The Interior Low Plateau Ecoregion

Map of Indiana's Interior Low Plateau Ecoregion.

Satellite image of Brown County Hills. Note the large, solid green spot (left of center) which is the Brown County Hills. It is one of the largest blocks of hardwood forest in the ecoregion.

Hitz-Rhodehamel Woods (in the Brown County Hills) with inset photos of Wood Thrush and Cerulean Warbler, interior nesting birds that require large forest blocks to successfully raise their young.

Chad Bladow standing outside of an oak-regeneration project exclosure. The purpose of the exclosure is to compare regeneration of oak inside the fence to areas outside the fence. Deer overbrowse is a threat to hardwood regeneration, particularly oak.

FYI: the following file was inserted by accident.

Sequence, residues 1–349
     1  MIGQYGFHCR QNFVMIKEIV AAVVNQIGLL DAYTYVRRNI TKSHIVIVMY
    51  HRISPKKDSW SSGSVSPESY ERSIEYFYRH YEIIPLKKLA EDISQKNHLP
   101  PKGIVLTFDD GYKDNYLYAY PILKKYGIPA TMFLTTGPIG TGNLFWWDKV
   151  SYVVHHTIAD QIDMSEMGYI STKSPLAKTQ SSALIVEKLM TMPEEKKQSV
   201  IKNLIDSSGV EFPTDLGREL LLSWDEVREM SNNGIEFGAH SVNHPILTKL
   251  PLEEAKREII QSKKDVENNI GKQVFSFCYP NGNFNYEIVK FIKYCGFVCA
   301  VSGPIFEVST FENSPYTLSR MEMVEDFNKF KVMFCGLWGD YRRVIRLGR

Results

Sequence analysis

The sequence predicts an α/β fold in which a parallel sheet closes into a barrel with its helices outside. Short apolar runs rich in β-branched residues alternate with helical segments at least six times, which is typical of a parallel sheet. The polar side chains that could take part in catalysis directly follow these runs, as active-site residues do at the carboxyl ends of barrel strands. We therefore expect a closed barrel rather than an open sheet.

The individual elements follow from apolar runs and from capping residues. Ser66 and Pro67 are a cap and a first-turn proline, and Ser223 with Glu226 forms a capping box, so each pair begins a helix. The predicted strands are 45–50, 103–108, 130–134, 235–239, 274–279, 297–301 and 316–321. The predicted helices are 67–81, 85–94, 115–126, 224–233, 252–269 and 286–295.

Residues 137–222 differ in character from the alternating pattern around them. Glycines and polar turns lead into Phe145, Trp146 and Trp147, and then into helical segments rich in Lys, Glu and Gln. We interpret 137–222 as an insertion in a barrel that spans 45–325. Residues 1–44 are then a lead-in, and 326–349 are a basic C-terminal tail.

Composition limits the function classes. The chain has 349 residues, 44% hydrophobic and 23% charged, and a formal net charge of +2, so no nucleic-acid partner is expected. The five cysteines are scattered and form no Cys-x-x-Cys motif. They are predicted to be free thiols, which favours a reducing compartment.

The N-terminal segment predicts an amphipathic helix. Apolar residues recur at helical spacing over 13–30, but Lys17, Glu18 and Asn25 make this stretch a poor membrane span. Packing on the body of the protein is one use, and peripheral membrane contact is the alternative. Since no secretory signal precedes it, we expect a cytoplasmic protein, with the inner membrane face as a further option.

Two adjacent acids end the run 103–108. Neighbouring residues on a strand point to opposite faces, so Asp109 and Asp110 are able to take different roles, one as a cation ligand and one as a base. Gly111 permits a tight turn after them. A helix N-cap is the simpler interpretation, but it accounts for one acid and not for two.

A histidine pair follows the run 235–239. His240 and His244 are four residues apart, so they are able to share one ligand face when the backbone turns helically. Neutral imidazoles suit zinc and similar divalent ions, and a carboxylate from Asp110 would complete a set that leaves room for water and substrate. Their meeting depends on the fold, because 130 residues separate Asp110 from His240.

Tree of Heaven, Japanese Stiltgrass and trees ravaged by emerald ash borers. Invasive species are threatening our southern forests.

Muscatatuck Bottoms contains the largest least-fragmented complex of bottomland forest remaining in Indiana. Several species of oak, as well as hickory and sweetgum, dominate the forest.

Known for its beauty, the Blue River is one of three Indiana Outstanding State Resource Waters. The area is home to important bat hibernacula and the Eastern Hellbender salamander.

Southern Indiana cave with Blind Cave Crayfish and Cave Salamander.

Teeple Glade in Harrison County with Bobcat and Tiger Swallowtail on Coneflower.

Twin Swamps is state dedicated nature preserve and a cypress swamp. Inset pictures of two species found at the preserve: Spider Lily and Yellow-Crowned Night Heron.


Stay Updated

Learn about the places you love and find out how you can help by signing up for Nature eNews.

I'm already on the list Read our privacy policy

Thank you for joining our online community!

We'll be in touch soon with more Nature Conservancy news, updates, and exciting stories.